- Title: SAUDI ARABIA: Saudi photography exhibition captures country's heritage
- Date: 19th December 2013
- Summary: PHOTOGRAPH OF SAUDI MAN HANDLING FALCON
- Embargoed: 3rd January 2014 12:00
- Location: Saudi Arabia
- Country: Saudi Arabia
- Topics: Arts
- Reuters ID: LVAD0YMTHJ451DN311UZ2B1R8BUJ
- Story Text: Saudi Arabia is taking a creative approach to encouraging tourism with an exhibition in Riyadh that hopes to evoke a sense of the country's culture and heritage.
The annual 'Colors of Saudi Arabia' exhibition, now in its second year, works to highlight the importance of photography for tourism and for Saudi to become a hub for photographers from across the world.
Organised by the Saudi Commission for Tourism and Antiquities (SCTA) the week-long forum displays the work of both professional and amateur photographers.
"Recently there is greater interest in photography. The photography forum is an outlet for young people, a place that allows them to be creative and to learn about the latest developments photography," said May al-Khatiri, a member of the organising committee.
The exhibition is part of the National Tourism Project launched by the SCTA, which its president, Prince Sultan bin Salman, hopes will put the country on the map for photography.
Hamad al-Alsheikh, the vice president of marketing and programs at SCTA, said he hoped the exhibition would encourage more domestic tourism.
'Colors of Saudi Arabia' is one of the initiatives of the supreme commission for tourism and antiquities and it works essentially for residents to know more about the tourism, culture and heritage that is here in the kingdom of Saudi Arabia, so for the people here and also the outside world," said al-Alsheikh.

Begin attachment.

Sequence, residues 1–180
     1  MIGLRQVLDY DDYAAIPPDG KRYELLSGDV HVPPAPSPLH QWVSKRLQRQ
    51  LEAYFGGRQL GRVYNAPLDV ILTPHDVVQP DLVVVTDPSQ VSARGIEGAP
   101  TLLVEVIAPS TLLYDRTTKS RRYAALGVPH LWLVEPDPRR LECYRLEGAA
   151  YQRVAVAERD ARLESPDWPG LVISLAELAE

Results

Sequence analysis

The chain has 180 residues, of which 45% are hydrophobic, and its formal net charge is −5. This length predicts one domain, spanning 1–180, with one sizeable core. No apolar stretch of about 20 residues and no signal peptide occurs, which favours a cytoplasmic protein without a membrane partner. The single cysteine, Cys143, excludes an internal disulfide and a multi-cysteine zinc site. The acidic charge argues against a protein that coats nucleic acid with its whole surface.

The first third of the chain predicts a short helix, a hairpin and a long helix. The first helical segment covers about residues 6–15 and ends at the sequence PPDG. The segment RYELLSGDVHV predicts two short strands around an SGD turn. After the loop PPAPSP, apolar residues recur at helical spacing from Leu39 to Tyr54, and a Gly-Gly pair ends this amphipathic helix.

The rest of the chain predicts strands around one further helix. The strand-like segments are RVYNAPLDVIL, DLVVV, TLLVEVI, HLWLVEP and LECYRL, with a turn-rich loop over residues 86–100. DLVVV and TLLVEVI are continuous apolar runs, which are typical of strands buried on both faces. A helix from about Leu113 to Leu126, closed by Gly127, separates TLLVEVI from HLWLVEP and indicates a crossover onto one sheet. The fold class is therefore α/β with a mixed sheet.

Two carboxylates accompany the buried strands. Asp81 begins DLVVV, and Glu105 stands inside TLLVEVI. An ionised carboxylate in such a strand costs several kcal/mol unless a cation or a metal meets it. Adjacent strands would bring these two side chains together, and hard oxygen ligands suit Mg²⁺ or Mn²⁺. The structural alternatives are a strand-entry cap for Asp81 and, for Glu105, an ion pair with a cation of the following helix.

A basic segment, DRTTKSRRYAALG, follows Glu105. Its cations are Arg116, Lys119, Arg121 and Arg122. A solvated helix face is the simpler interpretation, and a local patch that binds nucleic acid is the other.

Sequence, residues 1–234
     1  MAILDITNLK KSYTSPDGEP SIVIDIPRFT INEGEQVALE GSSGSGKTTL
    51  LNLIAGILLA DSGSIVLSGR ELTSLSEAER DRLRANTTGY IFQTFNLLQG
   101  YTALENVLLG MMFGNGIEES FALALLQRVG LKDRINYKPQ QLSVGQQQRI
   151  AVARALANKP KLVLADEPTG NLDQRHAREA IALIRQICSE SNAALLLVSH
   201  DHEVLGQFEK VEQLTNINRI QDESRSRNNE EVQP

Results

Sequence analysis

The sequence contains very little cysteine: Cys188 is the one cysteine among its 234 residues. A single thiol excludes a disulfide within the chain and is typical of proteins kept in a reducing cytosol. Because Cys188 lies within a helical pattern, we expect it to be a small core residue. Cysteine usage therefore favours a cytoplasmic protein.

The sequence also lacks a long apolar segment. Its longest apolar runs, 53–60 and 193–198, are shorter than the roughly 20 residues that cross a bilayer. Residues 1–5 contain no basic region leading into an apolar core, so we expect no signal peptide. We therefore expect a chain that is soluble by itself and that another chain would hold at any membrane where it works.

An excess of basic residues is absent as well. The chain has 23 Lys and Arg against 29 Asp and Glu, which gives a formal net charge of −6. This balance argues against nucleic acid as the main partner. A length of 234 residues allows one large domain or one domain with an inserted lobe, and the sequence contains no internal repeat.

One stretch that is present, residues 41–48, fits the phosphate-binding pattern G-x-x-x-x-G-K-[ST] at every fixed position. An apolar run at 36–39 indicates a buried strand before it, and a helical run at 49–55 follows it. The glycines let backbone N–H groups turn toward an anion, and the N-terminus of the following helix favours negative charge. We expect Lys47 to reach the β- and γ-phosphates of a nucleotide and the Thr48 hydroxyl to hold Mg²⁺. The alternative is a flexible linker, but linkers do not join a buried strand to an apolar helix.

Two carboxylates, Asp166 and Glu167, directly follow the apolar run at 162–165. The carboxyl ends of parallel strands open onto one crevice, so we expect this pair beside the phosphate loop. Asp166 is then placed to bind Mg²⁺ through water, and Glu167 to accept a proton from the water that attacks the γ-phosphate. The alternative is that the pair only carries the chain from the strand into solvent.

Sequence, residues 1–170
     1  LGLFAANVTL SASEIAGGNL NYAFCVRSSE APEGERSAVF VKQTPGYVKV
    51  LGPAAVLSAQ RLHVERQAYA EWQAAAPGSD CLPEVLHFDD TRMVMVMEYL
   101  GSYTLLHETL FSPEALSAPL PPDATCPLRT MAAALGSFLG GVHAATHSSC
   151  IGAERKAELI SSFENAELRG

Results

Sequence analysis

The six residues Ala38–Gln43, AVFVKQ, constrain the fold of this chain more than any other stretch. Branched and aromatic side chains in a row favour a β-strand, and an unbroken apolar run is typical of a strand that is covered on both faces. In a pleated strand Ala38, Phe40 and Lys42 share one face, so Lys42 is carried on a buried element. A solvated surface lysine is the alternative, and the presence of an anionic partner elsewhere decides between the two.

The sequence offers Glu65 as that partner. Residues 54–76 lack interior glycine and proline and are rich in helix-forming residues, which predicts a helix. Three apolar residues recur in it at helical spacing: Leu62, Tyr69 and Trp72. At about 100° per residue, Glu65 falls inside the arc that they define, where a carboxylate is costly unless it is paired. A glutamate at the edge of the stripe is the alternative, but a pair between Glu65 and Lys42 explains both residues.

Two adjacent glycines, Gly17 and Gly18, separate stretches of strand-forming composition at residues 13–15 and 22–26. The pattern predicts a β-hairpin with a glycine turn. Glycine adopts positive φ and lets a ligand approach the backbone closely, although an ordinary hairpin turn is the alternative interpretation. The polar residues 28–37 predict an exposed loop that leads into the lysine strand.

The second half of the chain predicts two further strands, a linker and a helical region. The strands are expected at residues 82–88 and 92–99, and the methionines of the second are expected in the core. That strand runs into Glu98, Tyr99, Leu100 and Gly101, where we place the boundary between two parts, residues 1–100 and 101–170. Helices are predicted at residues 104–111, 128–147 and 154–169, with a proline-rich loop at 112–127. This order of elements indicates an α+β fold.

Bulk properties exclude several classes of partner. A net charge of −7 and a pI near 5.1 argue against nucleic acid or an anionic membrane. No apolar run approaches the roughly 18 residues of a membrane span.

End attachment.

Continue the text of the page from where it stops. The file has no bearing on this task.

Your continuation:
The exhibition also holds a competition in various categories, including antiquities, urban heritage, nature and tourism experience.
The photography winner, who will be announced on the last day of the exhibition at a special ceremony, will be awarded with a cash prize of one million Saudi riyal, around 266,600 U.S dollars.
Rahaf al-Shibel, a media student at the King Saud university, said she hoped the exhibition would provide her with new contacts for her future career.
"I'm really interested in photography and secondly there are a lot of companies that are offering advertising services, and this could benefit me in the future,'' she said.
Hamad al-Alsheikh said women photographers had proven to be strong competitors to their male counterparts.
''The kingdom has witnessed a rapid development in terms of professional women photographers. The participants were as strong, as we noted in the exhibition, in the competition and on the sidelines, the female element was very strong, they rivalled the men,'' said al-Alsheikh.
The photographs are on show at the International Convention and Exhibition Center (RICEC) in the capital, Riyadh.
Some visitors spoke highly of the images on display.
"I love looking at the photographs, I love the creativity of all the photographers whether they are amateurs or professionals. And I love the fact that Saudi Arabia is being promoted and taken photos of, because it is a beautiful country, it is," said Gelen, an exhibition visitor from New Zealand.
Photographer Adbullah al-Osaimi had set up a stall at the exhibition where he took photographs of visitors.
Al-Osaimi said he was delighted by the public interest in Saudi photography.
"I am thankful to the Tourism Authority for providing this venue for photographers, which is my private world. They have allowed me to live through my photography, and thank God there are people who care about photographers from Saudi Arabia," he said.
The forum this year also held a contest for short films depicting life in Saudi Arabia.
Following the launch of the exhibition Prince Sultan bin Salman said in a statement: "we want our citizens to know the beautiful image of this country and we invite all people in Saudi Arabia to visit the forum, and see these pictures and more importantly, to see these young talented photographers."
'Colour of Saudi Arabia' attracted 12,000 visitors in 2012 and is expected to beat that record with an anticipated 15,000 visitors this year.
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